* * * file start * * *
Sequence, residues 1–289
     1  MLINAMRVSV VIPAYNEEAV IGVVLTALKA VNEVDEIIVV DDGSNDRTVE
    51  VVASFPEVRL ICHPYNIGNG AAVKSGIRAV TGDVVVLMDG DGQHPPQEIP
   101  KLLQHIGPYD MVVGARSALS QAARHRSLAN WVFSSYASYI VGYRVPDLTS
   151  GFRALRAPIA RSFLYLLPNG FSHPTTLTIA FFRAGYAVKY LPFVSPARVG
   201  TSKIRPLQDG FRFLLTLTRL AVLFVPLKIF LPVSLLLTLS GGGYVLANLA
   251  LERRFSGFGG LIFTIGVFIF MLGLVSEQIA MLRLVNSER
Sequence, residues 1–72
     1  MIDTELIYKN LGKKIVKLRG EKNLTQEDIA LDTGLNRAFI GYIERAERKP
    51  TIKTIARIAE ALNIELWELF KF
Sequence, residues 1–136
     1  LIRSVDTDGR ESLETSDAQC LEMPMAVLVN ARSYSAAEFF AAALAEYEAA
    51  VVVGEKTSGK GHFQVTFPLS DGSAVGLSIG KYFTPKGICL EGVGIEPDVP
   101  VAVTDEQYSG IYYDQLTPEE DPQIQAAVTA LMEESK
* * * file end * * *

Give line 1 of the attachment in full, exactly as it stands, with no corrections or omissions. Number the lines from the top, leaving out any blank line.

Sequence, residues 1–289